Yasmina McNabb

Holly Allen


What’s your role at MultiStory?

I’ve spent most of my time at MultiStory working in development; pitching ideas, negotiating access and brainstorming big, bold formats. As someone who loves both development and production, I was fortunate enough to move onto a project that we got commissioned and I’m currently working on a premium documentary for ITVX.


What made you want to get into TV and how did you make that a reality?  

To be honest, TV was never a career I considered. When I left University, I had my heart set on becoming a journalist and did a bit of unpaid and freelance work for a short time. Then
someone mentioned that they thought I could do well working in television and I was so
intrigued. I came across The Pact Indie Diversity Scheme, which is aimed specifically at
entry-level diverse talent within TV and Film. I applied and successfully won a six month
placement as a runner with Endemol Shine (now Banijay).

During my six-month period I was able to work on shows such as The Island, Bodyshockers,
and Big Brother and whilst working on Big Brother I truly learnt the power of networking and charmed my way to my next job. I met my next boss Camilla Lewis when she, along with
other TV execs and creatives, were invited to spend a night in the Big Brother house. I was
responsible for meeting and greeting them, taking them to where they needed to go and then saying goodbye to them the next day. After chatting with Camilla she offered me a job after my placement ended. The downside was I had to apply for another scheme, this time with Creative Access as the role was a Trainee development researcher. Spoiler alert…I applied and got the job and was with the company for two years. I learnt how to shoot and my love affair with development and production truly began.


What’s the biggest hurdle you’ve had to overcome to get to where you are? 

Being a working mother in television is definitely not easy. Getting the balance right between being a present parent and pushing for the roles you really want and not the roles people think you should do, is a constant battle. On top of that, good old fashioned imposter syndrome will pop up now and then just to keep me on my toes! Like most of us in this industry, I can’t quite believe that we get paid to make television programmes and there is that slight fear that one day someone will realise that I have no clue what I’m doing. But that’s the beauty of television, the more you work and the more confident you become in your skill, the more you’re able to use the imposter syndrome as motivation – something I’m still working on.


What has been the highlight of your career so far?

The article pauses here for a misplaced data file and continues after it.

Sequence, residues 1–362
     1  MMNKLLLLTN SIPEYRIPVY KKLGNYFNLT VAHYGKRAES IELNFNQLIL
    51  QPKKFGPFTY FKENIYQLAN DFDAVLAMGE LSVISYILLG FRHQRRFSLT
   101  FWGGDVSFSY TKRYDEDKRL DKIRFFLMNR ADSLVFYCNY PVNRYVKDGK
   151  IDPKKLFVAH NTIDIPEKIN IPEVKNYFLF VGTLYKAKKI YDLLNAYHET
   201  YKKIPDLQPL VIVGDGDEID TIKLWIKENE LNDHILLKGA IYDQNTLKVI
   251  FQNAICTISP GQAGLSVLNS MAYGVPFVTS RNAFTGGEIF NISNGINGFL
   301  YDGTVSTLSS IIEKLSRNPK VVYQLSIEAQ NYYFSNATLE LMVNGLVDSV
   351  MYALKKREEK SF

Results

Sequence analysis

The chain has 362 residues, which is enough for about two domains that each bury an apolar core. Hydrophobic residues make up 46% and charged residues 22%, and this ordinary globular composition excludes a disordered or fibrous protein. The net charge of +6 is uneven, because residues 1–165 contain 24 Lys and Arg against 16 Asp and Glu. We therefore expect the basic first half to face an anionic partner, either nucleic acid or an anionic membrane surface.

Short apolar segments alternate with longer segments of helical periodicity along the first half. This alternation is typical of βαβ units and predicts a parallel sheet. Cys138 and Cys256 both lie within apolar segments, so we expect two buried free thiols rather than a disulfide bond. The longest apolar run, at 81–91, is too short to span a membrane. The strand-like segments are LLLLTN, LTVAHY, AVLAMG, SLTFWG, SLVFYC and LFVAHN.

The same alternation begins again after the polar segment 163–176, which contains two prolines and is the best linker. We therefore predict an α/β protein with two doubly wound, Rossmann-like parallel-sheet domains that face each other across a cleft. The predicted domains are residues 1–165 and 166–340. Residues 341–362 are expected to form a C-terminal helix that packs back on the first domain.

Being named as one of this years ‘Ones To Watch’ at the Edinburgh TV Festival is definitely one of my proudest moments. There were so many reasons that nearly stopped me from applying and knowing the year I’ve had and not really believing I would get chosen, meant that when it was announced I was one of the 30 delegates, this achievement meant so much more. Like in any job, it is really affirming to get validation that your hard work is being noticed and you are worthy.


Are there any big learning curves or disaster moments you can look back and laugh about now? 

It’s funny because looking back at some “disaster moments” they aren’t ever as bad as you
thought they were. I think we have to remember that this is just TV and there is always a
solution, no matter how bad things may seem at the time. Sometimes when things aren’t
going to plan, the best thing to do is to take a step back and reassess. Then you will be able
to make better choices and not react out of pure emotion.

What I did learn from some of these moments, and thankfully there haven’t been many, is
that what you do after a mistake happens can have bigger consequences than the mistake
itself. We’re only human and mistakes will happen, but the choices you make post a disaster
can either make things better or worse, so don’t panic and think quickly on your feet and
people will take note on how you cope in a crisis situation.


What are your favourite TV shows?  

I am obsessed with documentaries and my faves past and present include 9/11: The Falling
Man, The Last Dance, Life and Death Row, Night Stalker: The Hunt for a Serial Killer,
Making A Murderer and The Keepers (what can I say, your girl loves a murder).
But I am also a sucker for premium reality shows like Love Is Blind or Selling Sunsets –
anything that lets me live out my rich housewife fantasy or my romcom dating dreams count
me in!